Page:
their horror games, it is perhaps the foreignness of these games that makes such details
relevant. This is also a clue as to why so many horror games attempt to appear Western; if the
cultural divide makes Japanese horror more effective to us, it stands to reason that it also makes
Western horror more effective to them.

The Japanese have a rich history of scary stories, and themes common in historical works are
evident in their contemporary horror media. Games are naturally affected by this heritage, even
when they are designed to appear to be of non-Japanese origin. By tracing these patterns and
motifs through the games that they occupy we not only learn about the Japanese psyche, but
about our own culture as well.


Capcom, Inc. (2009, June 30). Platinum Titles. Retrieved September 15, 2009,

Hearn, L. (2005). Kwaidan: Stories and Studies Of Strange Things. Tokyo: Tuttle Publishing.

Kalat, D. (2007). J-Horror: The Definitive Guide to The Ring, The Grudge and Beyond. New York:
Vertical. 14/19
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Kent, S. L. (2001). The Ultimate History of Video Games: From Pong to PokemonThe Story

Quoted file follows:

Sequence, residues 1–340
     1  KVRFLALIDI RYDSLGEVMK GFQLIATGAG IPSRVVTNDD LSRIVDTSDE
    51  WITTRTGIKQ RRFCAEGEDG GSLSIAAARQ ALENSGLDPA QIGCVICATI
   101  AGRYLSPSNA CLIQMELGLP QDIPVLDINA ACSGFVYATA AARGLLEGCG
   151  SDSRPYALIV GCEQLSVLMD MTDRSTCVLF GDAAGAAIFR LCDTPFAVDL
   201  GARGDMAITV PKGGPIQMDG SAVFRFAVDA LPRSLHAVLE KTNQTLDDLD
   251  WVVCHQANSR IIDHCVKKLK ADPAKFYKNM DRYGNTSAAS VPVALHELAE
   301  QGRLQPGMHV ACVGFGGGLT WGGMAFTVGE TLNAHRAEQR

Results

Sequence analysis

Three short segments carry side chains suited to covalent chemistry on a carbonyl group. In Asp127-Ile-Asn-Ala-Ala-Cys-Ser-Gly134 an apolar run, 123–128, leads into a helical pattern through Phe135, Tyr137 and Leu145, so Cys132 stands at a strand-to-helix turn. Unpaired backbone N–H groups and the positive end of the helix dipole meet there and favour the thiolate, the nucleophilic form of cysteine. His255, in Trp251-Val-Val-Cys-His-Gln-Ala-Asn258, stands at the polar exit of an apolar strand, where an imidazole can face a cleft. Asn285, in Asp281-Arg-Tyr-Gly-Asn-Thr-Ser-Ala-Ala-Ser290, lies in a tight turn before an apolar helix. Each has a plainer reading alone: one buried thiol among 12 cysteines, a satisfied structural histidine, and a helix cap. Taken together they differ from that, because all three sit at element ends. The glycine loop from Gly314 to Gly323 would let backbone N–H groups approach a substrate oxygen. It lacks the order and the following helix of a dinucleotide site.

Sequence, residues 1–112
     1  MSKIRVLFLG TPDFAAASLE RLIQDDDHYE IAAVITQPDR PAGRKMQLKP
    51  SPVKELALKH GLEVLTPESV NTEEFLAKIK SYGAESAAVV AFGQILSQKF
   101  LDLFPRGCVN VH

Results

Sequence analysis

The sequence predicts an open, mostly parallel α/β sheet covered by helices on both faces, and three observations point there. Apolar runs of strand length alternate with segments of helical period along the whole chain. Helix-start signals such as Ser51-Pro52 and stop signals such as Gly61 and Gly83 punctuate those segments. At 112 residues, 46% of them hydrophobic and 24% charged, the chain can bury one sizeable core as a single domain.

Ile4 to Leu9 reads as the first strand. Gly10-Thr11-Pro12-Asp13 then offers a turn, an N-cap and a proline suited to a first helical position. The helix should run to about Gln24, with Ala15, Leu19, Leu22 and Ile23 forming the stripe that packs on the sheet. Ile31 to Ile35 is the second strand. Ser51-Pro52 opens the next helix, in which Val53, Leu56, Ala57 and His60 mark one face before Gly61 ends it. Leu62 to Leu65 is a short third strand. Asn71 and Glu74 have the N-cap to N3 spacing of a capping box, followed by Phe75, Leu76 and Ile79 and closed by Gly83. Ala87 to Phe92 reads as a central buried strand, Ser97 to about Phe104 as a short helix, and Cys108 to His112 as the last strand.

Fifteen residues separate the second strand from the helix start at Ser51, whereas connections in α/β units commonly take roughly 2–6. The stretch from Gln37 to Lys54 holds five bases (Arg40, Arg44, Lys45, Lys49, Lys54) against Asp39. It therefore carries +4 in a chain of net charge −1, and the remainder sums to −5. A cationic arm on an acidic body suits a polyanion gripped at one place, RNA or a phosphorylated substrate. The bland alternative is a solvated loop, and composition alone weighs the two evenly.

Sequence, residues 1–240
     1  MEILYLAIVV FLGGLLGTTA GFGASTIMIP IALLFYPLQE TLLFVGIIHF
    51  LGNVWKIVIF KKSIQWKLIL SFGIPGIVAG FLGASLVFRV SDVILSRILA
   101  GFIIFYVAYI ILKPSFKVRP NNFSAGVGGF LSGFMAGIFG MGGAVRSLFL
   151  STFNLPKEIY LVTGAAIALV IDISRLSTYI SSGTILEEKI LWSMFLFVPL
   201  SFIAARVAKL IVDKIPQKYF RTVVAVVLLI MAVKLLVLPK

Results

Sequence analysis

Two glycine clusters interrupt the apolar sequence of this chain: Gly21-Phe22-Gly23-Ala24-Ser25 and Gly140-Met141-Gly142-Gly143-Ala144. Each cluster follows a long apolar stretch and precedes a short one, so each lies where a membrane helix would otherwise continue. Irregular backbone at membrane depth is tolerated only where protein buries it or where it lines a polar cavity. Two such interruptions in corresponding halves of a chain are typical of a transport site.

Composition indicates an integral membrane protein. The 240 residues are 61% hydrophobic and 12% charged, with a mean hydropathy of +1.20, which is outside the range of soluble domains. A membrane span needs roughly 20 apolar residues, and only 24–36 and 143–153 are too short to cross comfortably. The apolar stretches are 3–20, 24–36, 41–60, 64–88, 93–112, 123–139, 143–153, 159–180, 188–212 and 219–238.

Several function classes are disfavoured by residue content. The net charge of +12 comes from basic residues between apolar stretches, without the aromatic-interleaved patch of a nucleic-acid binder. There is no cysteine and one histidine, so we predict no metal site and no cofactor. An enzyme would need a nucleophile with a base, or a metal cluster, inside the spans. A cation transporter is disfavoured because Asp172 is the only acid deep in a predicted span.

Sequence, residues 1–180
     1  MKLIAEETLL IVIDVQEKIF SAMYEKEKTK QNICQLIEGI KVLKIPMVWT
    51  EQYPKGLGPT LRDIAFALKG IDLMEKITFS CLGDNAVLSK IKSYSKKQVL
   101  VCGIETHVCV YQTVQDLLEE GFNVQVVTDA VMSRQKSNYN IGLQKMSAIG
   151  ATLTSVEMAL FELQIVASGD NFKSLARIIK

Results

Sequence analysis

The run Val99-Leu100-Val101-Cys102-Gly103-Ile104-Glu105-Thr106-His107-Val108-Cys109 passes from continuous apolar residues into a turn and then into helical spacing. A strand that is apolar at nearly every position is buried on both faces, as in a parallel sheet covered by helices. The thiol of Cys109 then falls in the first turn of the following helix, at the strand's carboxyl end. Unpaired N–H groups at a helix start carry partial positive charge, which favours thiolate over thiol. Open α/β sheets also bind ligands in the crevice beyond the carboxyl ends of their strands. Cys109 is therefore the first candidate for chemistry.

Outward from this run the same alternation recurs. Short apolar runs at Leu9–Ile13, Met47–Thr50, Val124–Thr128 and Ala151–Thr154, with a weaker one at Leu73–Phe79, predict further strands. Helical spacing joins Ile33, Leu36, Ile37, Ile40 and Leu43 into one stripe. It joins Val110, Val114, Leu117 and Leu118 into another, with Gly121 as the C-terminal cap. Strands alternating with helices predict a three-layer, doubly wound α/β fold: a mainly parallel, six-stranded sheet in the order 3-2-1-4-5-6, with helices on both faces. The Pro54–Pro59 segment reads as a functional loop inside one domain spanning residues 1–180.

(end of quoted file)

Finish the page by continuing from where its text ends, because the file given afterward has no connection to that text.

Behind the Craze That Touched Our Lives and Changed the World. Three Rivers Press.

Pruett, C. (2003, August 30). Chris Survival Horror Quest. Retrieved September 15, 2009,

Pruett, C. (2005, March 13). GDC: Akira Yamaoka and the Atmosphere of Silent Hill. Retrieved
September 15, 2009, from

Pruett, C. (2007, April 2). The Prehistory of Survival Horror. Retrieved September 15, 2009

Pruett, C. (2007, December 2). The Changing Utility of the Otherworld in the Silent Hill Series.
Retrieved September 15, 2009, from

Suzuki, K. (2005, December 1). Interview with Koji Suzuki, novelist of the dank and dread.
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[1] Though the PlayStation era was the first in which the adult-oriented video game market
became viable in the United States, it is not clear if this was due to strategic Sony marketing or
simply the result of the Nintendo Entertainment System generation coming of age. Sega
marketed its Genesis console to adults years before the PlayStation, but it was much less

[2] Note that this graph does not contain visual novel games, despite the large number of such